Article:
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WIU Alumnus Speaks About Depression April 15

April 12, 2010

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MACOMB, IL - - R. David Smola, an active and intelligent student at Western Illinois University in the late 1980s, will return to campus Thursday, April 15 to tell about his personal struggle with depression, including an attempted suicide – a hot-button issue on college campuses today – and about now, his good life in remission.

Smola will present "A Depression Survivor's Journey" at 5 p.m. Thursday (April 15) in the Morgan Hall 109 lecture hall. His talk is open free to the public. He will also speak to an abnormal psychology class earlier in the day.

His message is simple, yet difficult for many to accept: "I want to remove the stigma associated with depression."

A 1989 graduate with a bachelor's degree in political science and a minor in English, Smola recounted his experience with a deep depression, that led to a hospital stay, in his book, "A Waltz Through La La Land: A Depression Survivor's Memoir," published by Kirk House in February.

"I wrote this manuscript when I got out of the hospital," he said. "I wrote it as a cathartic exercise to come to peace with that had happened."

Smola was involved in campus activities as a member of Delta Sigma Phi fraternity; and as an upperclassman he was inducted into the Order of Omega, a Greek honor society recognizing outstanding leadership and scholarship, and into Mortar Board National College Senior Honor Society recognizing superior scholarship, leadership and service.

He had been planning to go on to law school, but instead, after he graduated, he struggled with feeling directionless. His relationship with a girlfriend became dysfunctional, and he vacillated between law school and finding a job.

"All that change…that's when things just spiraled out of control. I couldn't eat. I couldn't sleep. All I did was worry. I couldn't function," he said.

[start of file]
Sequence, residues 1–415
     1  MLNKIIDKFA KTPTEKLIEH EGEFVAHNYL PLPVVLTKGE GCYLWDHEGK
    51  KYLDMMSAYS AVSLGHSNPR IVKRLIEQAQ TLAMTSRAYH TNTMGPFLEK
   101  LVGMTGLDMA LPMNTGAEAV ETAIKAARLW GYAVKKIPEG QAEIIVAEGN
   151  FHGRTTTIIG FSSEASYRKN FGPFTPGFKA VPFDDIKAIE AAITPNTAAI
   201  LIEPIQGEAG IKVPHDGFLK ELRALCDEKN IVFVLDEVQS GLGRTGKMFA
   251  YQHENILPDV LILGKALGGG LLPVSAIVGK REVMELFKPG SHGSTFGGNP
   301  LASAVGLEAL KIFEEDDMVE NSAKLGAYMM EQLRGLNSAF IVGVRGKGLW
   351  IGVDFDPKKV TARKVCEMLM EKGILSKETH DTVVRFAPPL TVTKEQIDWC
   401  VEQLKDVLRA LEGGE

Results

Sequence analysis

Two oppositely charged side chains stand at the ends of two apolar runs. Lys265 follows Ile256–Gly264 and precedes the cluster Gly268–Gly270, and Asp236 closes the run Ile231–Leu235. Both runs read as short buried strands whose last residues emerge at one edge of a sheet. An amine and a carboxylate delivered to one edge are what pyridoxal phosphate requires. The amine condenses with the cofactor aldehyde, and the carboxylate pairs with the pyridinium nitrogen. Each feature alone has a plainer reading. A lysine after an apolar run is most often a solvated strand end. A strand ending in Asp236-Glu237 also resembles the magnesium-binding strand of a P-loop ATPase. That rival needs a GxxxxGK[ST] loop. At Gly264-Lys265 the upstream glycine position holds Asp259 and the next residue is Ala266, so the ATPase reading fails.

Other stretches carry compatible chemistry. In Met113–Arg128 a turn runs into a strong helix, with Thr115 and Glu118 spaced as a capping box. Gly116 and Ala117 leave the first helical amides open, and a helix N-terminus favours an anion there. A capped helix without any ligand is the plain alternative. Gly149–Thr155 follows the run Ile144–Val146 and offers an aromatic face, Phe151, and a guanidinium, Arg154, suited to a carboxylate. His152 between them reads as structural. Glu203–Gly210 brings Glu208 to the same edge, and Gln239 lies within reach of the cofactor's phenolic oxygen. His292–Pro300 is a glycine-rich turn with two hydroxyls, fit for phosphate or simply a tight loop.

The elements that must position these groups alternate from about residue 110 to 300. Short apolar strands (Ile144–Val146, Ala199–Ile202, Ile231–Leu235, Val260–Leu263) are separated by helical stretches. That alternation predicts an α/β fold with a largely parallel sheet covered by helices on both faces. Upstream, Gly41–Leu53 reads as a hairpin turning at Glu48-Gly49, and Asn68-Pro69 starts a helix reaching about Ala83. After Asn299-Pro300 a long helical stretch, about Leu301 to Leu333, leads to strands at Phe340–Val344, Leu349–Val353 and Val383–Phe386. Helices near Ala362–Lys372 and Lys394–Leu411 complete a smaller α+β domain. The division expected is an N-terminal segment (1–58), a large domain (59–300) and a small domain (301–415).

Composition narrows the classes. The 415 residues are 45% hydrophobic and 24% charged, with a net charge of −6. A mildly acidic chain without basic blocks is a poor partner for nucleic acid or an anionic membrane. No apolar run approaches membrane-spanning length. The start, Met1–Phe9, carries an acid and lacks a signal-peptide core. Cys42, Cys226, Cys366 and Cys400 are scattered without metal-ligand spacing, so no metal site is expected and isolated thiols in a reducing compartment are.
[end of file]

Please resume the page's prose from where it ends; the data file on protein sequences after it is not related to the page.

"I'm very stubborn, and there's this proud Italian part of me that says, 'You can pull yourself up by your bootstraps; you can get over it.' But I learned that depression is a mental illness, and it is real. It is a real (illness) that made me get lost in my own neighborhood, where I'd lived for 21 years," Smola said.

Hurting, confused, at a loss for what to do next and how to do anything at all, the intelligent man who seemed well-rounded in academics and extracurricular life finally couldn't take anymore and attempted suicide. He spent more than four months in a mental health facility.

He now knows that his depression was caused by a chemical imbalance of serotonin, and that depressive episodes can be triggered by the kind of stressors that he experienced. Smola also has learned how to identify the symptoms and causes of clinical depression.

"That's the one thing that I want to tell people: The bottom line is, with the help of medication and/or therapy, you can recover from this," Smola said. "I want to show that you could have a horrible episode like I experienced and that I describe in the book, but that you can still live a normal, productive life if you get treatment."

Smola has been a social worker since the first job he took after being released from the hospital, working as a training counselor with developmentally disabled adults. He earned a master's degree at the University of Illinois at Chicago (1994), and he is now a vice president of program operations at Chrysalis Consulting Group in River Forest (IL).

Sponsors for Smola's talk include the College of Arts and Sciences (CAS), the psychology department, Psi Chi Honors Society, the Organization of Adult Students for Interaction and Support (OASIS) and the ACTIVE Minds group at Western.

For more information, contact Bryce Dexter, CAS Director of Development, telephone (309) 298-1828 or e-mail

(Copy by Alison McGaughey and Bonnie Barker)

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